Gov. Dannel Malloy presented the first budget of his term Wednesday, and it involves increases in spending and taxes while maintaining nearly every state job.
“I want to take you on a road less traveled,” Malloy said. “One that I believe will make all the difference.”
The overall proposal increases the budget from $19.3 billion to $19.7 billion, which will be paid for through a variety of tax increases. The spending increase is largely based on infrastructure investments as the state’s operational costs stay flat, Malloy said.
The governor has asked all state employees for a wage freeze and three furlough days over the next three years, which would save the state $2 billion. If the unions do not agree to the wage freezes and furloughs, there will be layoffs, Malloy said.
“The alternative to the $2 billion figure would require us to completely shred the safety net and lay off thousands of state workers,” Malloy said. “Which is to say there’s no alternative. We have to get it done. And I’m confident we will get it done.”
Currently, there are about 45,000 full-time state employees. This budget, if the unions agree to concessions, will reduce that number by 150.
What It Means To Waterford
The budget raises the state income tax, the state sales tax, removes several tax exemptions, and raises the gasoline tax and the tax on cigarettes.
The gasoline tax will go up 3 cents per gallon, to 28 cents per gallon. The tax is unfair, Waterford resident Donna VanEyk said.
"I think everything is being taxed too much," VanEyk said. “Taxing gas is like choking you. Gas is a necessity."
The sales tax will increase from 6 percent to 6.35 percent (6.25 percent for retail sales). It will also have fewer exemptions, meaning services such as haircuts and manicures will be taxable.
The sales tax exemption on clothes and shoes $50 or less will also be removed. Exemptions on boating, such as docking or storage, will also be removed.
Along with the additional state taxes, the governor proposed adding taxes that towns could collect as well. Towns could now collect a higher conveyance tax on property transfers and a hotel tax, according to Malloy’s proposal.
The higher hotel tax is wrong, said Gail Googins, owner of Oakdell Motel in Waterford. Currently, there is a 12 percent sales tax on hotel rooms, and that would increase with this new proposal.
“We are barely making it as it is,” Googins said. “They are going to drive people away from Connecticut.”
The government likes to tax hotels because usually out-of-state people pay the tax and they don’t have a vote, Googins said. But those people come in and spend money in many different Connecticut businesses and helps drive industry, she said.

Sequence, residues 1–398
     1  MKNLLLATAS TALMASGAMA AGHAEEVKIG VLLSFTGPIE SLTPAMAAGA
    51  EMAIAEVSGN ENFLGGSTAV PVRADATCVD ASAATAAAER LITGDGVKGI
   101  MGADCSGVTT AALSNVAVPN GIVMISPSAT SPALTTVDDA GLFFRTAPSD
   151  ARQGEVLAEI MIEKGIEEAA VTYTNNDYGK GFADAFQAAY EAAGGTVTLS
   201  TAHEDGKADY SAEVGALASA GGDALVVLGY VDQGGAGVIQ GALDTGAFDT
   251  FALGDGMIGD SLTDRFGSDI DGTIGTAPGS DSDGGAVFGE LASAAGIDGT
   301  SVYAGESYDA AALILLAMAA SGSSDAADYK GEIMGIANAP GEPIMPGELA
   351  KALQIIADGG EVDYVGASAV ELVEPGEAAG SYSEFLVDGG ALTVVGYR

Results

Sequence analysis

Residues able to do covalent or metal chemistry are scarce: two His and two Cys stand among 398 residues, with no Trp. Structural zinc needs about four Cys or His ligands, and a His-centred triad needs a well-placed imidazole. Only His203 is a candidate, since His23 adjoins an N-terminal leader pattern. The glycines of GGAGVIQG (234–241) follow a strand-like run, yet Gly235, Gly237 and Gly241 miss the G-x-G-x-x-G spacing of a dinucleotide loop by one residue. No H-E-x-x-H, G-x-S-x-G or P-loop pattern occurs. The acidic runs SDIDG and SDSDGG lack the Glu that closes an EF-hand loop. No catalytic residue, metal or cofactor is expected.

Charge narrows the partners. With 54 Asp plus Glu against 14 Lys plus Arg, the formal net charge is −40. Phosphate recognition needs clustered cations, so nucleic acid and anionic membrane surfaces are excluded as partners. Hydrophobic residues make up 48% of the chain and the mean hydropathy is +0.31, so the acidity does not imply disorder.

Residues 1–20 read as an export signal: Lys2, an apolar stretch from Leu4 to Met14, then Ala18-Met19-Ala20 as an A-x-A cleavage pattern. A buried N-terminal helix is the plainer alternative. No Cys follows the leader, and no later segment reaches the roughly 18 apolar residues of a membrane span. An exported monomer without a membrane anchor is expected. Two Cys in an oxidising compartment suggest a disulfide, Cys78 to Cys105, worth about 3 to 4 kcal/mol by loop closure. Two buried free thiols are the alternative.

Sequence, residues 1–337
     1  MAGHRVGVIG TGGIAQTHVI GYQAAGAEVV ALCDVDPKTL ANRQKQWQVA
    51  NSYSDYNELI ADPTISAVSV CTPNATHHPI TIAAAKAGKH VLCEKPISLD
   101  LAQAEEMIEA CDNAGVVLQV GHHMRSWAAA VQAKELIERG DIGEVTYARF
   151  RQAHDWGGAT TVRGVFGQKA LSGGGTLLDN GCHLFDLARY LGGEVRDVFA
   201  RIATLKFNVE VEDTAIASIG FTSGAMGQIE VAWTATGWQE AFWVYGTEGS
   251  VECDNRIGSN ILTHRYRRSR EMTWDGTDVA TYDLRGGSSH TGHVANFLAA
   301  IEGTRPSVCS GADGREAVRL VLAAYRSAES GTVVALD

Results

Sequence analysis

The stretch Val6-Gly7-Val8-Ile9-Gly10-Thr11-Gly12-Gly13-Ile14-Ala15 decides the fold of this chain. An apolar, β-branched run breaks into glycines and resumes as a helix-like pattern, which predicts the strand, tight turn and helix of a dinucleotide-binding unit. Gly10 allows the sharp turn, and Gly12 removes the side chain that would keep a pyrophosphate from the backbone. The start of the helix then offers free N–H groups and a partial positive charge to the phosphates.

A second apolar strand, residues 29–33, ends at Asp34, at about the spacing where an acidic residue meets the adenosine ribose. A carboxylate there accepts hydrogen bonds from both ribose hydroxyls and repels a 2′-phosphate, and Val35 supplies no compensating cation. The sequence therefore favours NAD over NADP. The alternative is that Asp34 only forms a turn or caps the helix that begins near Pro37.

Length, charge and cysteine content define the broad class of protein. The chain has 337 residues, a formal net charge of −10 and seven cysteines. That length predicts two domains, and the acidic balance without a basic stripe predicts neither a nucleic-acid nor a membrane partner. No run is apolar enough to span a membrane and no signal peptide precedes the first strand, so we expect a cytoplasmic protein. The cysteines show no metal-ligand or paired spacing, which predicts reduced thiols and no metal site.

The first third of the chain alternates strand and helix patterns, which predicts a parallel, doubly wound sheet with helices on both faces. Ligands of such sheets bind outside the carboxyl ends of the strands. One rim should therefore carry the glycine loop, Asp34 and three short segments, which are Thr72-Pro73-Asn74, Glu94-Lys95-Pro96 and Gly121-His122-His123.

“People are coming in, spending money on gas, on shopping, on food,” Googins said. “They create jobs.”
Town Officials Reaction
The budget was going to be tough this year, with the state facing a deficit of more than $3 billion, First Selectman Dan Steward said. One good thing about the budget is it does not cut municipal aid, which only increases property taxes, he said.
Steward did worry about the tax increases, though, especially to small businesses.
“Most small businesses get by on a very small margin,” he said. “This is going to make it harder for them.”
The hotel tax, although a source of revenue for the town, could ultimately be a bad thing, he said.
“The tax will make hotel rooms more expensive,” Steward said. “Will that limit the number of people who come? I don’t know.”
Just like municipal aid was not cut, funding for schools also was not cut.
“That is a good thing,” Assistant Superintendent Craig Powers said.
Waterford receives $1.21 million from the state for education, far less than towns such as New London, Powers said. A cut of state funding would have far less effect on Waterford than other towns that receive tens of millions of dollars, he said.
Malloy pushed for universal preschool, an initiative he accomplished as mayor of Stamford. Waterford currently has the Friendship School, which offers preschool.
Right now, 140 Waterford preschoolers attend the school. More applications are received than spots are available, so a lottery is necessary to pick the students, Powers said.
Preschool is beneficial, as teachers see an improvement in students who attend the Friendship School. However funding it is another issue, he said.
“I just don’t know if that is possible right now,” Powers said.
The proposal is now in the hands of the Connecticut General Assembly.
Patch Groton Local Editor Deborah Straszheim contributed to this report.